Replicarz says its diecast Indy Car lineup is continuing to grow and that its long-awaited Marmon Wasp will be released in May.
The Wasp is a highly detailed replica of the 1911 Indy 500 winner, and Brian Fothergill of Replicarz says the firm has been tweaking the car for several months to ensure authenticity and create a show-stopper. He notes that the engine will be wired, and the end of the Wasp's stinger tail will be painted flat black to add depth.
But next up, also for release in May, is the 1984 Indy pole winner's car, the Texaco Star driven by Tom "The Gas Man" Sneva. He set a track record of 210.029 mph in the March chassis and continued his personal attack on the record books. Sneva was the first to hit 200 mph, too, in 1978. Replicarz plans to build 600 of this model.
Fothergill says some trim details are being worked out on the Sneva car, including larger radiator openings, and the car will have black wheels to match the original car. A similar car, Gordon Johncock's blue-and-orange 1984 March will also be released at the same time. Both will be made in limited quantities to ensure they maintain their collectability values.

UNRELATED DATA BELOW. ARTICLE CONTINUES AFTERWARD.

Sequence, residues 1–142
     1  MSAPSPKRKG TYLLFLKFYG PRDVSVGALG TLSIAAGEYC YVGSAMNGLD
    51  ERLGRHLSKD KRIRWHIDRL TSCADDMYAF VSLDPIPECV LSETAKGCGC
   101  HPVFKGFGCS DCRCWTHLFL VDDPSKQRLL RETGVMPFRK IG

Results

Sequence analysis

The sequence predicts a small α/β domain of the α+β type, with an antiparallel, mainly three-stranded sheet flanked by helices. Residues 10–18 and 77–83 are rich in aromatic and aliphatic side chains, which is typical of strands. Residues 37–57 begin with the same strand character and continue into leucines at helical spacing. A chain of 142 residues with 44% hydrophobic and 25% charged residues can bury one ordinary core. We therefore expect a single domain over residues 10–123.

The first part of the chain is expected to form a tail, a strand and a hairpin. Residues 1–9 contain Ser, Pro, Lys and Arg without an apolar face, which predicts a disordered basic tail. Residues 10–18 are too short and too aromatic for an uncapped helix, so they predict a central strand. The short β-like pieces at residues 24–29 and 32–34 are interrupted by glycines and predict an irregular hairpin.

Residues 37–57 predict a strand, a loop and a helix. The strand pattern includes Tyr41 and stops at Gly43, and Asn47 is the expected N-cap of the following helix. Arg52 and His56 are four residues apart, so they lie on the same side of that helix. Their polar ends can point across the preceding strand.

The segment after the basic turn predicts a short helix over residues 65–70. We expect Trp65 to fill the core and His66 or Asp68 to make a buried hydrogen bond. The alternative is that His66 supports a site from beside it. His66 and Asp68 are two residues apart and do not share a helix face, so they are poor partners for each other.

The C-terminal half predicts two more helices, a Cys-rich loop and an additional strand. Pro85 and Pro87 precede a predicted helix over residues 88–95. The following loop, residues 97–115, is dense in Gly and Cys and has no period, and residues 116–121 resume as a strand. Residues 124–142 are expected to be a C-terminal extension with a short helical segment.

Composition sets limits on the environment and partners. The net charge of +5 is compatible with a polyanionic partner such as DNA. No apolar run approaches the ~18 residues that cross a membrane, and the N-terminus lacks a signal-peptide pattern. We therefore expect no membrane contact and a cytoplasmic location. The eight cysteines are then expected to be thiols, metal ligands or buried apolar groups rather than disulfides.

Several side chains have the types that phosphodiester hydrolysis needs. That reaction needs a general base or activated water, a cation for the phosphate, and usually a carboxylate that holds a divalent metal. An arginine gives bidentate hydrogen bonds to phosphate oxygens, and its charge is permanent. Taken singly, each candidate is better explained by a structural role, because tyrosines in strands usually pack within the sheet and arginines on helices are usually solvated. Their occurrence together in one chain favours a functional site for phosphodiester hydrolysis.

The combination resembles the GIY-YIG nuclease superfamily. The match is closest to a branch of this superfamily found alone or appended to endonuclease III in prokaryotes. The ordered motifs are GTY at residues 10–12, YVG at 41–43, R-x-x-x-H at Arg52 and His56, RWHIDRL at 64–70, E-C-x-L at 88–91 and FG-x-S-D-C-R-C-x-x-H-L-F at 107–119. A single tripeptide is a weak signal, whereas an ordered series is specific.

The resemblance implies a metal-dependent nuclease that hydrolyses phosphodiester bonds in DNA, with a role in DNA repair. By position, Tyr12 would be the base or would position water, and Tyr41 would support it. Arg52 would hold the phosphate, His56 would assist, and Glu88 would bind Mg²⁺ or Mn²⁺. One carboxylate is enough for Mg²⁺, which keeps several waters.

He also says to look for several 1973 Eagles, arriving in May.
One will be Gordon Johncock's 1973 race winner, which previously had been released by Carousel 1, but this run also includes the STP team car of Swede Savage, who died in a crash after leading the 1973 race. All cars will have matte-finish interiors, like the recently released Jimmy Bryan and Bobby Marshman laydown roadsters, and other improvements.
There's more in the offing too, including some resin 1:43 scale Indy winners and notable racers.
Fothergill says that late this year he expects to offer the 1970 and 1971 Indy winning cars in 1:18 and 1:43 scale. Those were the nearly identical Johnny Lightning Specials driven back-to-back wins by Al Unser Sr., for the first two of his four Indy wins.
Replicarz also plans a 1:18 model of the revolutionary STP-Paxton turbine racer driven by Parnelli Jones in the 1967 Indy 500, which fell just four laps short of winning. The car was also entered in the 1968 race, but was wrecked in practice by Joe Leonard.